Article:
Here’s what he’s said today, upon introducing an abortion ban that would prevent many states, including Kansas, from being able to decide to keep abortion legal: “Abortion is not banned in America. It’s left up to elected officials to define the issue. You have states and the ability to do it at the state level. And we have the ability in Washington to speak on this issue if we choose. I have chosen to speak.”


He’s simply gaslighting voters.

Graham’s bravado was tempered by Senate Minority Leader Mitch McConnell, who wouldn’t commit to bringing the bill to the floor. “I think most of the members of my conference prefer that this will be dealt with at the state level,” McConnell said at a press conference.


Even lack of support from his party leader couldn’t sway Graham, who said the “consensus” among anti-abortion groups and activists is that they want this bill (nevermind that most Americans don’t). “I don’t think this is going to hurt us” politically, he told reporters.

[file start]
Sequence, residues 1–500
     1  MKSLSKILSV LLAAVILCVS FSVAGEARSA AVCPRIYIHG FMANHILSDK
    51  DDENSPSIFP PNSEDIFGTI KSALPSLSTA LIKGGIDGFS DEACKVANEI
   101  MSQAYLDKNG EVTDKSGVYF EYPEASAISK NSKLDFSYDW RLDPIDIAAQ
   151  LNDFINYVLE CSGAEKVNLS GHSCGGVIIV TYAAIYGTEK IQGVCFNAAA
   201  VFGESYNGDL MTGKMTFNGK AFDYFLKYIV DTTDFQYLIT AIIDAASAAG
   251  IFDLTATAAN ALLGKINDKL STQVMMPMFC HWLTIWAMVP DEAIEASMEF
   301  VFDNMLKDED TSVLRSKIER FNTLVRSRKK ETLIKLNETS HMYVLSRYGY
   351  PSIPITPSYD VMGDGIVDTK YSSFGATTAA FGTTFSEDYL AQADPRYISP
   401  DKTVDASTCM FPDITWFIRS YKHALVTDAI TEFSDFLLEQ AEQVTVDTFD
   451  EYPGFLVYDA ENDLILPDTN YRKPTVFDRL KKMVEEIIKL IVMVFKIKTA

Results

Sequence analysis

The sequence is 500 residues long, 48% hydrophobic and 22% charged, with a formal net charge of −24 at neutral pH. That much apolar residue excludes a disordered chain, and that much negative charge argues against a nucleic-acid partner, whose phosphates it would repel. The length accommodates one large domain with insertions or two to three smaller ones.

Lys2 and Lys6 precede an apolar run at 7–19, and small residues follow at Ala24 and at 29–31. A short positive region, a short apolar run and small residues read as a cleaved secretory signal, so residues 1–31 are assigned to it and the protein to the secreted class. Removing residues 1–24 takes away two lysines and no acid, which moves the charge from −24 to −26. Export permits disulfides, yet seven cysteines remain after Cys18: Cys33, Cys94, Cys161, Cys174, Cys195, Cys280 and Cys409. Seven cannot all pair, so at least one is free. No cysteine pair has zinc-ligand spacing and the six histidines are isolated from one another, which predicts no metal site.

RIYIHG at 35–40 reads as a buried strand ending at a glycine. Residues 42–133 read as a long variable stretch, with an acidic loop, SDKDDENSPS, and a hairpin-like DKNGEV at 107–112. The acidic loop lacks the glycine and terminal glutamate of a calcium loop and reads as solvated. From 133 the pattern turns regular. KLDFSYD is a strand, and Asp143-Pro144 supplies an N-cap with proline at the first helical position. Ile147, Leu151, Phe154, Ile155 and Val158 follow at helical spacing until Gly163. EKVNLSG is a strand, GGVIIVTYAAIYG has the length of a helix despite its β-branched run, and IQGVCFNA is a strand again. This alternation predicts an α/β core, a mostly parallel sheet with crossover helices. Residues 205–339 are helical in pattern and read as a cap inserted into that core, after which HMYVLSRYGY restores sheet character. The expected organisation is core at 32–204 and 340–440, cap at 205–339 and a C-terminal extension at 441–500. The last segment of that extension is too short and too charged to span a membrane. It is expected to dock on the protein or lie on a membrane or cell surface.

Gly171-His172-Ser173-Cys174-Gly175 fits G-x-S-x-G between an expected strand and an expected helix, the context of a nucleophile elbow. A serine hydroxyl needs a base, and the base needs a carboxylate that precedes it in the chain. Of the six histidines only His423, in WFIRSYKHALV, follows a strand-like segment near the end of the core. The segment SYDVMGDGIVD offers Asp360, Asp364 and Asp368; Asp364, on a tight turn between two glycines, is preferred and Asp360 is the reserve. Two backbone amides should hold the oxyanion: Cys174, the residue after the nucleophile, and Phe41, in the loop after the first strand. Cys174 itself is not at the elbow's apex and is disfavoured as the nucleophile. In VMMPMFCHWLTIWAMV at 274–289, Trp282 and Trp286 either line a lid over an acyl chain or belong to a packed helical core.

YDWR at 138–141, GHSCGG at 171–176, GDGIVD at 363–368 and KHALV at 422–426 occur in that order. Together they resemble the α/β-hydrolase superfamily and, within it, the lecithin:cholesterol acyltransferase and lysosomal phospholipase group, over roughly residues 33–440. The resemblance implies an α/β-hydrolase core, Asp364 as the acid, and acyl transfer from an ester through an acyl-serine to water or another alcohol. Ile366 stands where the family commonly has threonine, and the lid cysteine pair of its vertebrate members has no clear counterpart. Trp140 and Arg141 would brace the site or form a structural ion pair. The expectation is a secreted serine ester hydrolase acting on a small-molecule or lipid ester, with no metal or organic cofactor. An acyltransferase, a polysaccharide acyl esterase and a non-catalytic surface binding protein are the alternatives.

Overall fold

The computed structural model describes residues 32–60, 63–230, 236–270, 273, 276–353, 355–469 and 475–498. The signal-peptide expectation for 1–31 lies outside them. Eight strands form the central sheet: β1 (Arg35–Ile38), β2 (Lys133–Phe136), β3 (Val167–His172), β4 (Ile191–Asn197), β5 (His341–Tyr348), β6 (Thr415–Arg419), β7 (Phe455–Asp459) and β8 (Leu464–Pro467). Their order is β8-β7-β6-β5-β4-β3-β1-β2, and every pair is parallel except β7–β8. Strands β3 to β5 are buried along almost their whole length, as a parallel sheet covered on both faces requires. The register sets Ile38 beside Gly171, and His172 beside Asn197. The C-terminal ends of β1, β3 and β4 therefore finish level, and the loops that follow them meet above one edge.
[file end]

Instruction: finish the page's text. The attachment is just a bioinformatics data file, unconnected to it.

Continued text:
Graham’s bill hides behind exceptions that few people will be able to access. The legislation includes exceptions to “save the life of a pregnant women whose life is endangered” by physical factors but not “psychological or emotional conditions.” That means mental health disorders and suicide is not reason to get an abortion under Graham’s legislation. If an abortion patient is raped, in order to get an abortion, they must get counseling or get medical treatment related to the rape. If an incest victim becomes pregnant, the rape must be reported to child welfare agency or law enforcement.


At the end of the press conference, Graham made horrifying prediction. “We stay on this and keep talking about it, maybe less than a decade, this will be law,” he said.

A nationwide abortion ban—like the overturning of Roe v. Wade—is a long game. And they won’t stop at 15 weeks, either.